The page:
Blog: How social media marketing can go wrong
Katie Smith | 16 November 2011
A swathe of food manufacturers and retailers are using social media and technology to boost brand awareness, launching apps and giving freebies to customers who 'like' certain pages.
In April, Frito-Lay's Facebook community gained over 1.5m new 'likes' in 24 hours and as a result of which fans were rewarded with free bags of potato crisps. This year, Frito-Lay owner PepsiCo teamed up with Highland Capital Partners, aiming to use social media more effectively.
However, marketing products through social networks can very occasionally go wrong. Ask HJ Heinz.
On Monday (14 November), the ketchup maker moved to launch its latest variant (a sauce blended with balsamic vinegar) in the US via its local Facebook page.
When consumers tried to order the ketchup on Facebook, they encountered technical difficulties that meant they could not immediately buy the product.
As a result, Heinz offered a free additional bottle plus free shipping to every consumer that placed an order up until yesterday. It has also tried to win back fans by tempting them with free shipping to every consumer that posted on the site when it was down temporarily on Monday.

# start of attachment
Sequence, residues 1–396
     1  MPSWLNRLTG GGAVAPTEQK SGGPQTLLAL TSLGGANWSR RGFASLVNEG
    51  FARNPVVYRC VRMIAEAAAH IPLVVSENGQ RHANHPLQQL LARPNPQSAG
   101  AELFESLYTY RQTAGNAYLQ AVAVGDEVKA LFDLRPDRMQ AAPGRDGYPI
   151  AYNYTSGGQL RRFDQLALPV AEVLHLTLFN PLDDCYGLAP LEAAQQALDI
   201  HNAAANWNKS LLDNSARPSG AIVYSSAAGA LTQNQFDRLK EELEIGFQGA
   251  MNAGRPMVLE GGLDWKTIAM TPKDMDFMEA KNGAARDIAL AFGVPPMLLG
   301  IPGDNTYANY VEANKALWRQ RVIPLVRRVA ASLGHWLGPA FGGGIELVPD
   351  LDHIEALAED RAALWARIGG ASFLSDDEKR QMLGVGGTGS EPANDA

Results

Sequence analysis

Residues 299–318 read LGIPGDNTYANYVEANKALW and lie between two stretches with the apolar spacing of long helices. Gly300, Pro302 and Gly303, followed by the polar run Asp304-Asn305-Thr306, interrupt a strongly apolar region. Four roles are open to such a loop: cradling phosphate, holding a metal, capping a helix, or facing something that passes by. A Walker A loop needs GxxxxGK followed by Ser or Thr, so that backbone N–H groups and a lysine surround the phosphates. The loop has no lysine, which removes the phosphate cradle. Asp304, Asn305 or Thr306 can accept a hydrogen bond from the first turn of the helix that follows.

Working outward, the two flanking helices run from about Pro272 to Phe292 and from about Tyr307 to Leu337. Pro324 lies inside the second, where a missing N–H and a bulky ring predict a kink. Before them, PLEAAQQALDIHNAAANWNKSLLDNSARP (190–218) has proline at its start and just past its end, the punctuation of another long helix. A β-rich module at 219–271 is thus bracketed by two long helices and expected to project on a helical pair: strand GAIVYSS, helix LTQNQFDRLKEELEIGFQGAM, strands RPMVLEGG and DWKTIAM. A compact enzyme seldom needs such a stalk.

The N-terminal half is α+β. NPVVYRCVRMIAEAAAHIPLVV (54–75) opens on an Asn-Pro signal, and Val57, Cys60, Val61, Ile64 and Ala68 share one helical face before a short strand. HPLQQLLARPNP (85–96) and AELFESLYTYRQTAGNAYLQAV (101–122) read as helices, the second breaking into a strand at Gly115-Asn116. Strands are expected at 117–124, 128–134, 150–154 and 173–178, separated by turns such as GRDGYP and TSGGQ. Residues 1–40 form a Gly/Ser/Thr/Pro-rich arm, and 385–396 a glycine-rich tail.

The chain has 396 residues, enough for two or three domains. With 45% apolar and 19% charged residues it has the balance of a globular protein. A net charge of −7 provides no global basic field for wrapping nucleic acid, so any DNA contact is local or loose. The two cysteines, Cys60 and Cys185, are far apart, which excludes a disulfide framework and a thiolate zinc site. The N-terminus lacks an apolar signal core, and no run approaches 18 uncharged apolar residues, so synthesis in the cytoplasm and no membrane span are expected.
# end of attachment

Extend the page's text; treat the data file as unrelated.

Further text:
However, there didn't seem to be any problems with the UK launch. The sauce was successfully launched in the UK in March as the first 3,000 bottles were available for sale exclusively on Facebook, before the sauce appeared on shelves.
Will this affect how Heinz uses social networking sites in the future?
When asked whether the glitch has made Heinz more reluctant to use Facebook and other networking sites in the future to sell or market brands, it said: "Heinz remains steadfast in our commitment to social media."
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Hain Celestial, under the scrutiny of the investment community in recent months and facing some challenges in its domestic market, has announced another shuffling of its management pack....
FrieslandCampina, which today served up higher profits but lower sales for 2016, is ready to offload the last non-dairy business owned by the Dutch cooperative giant....
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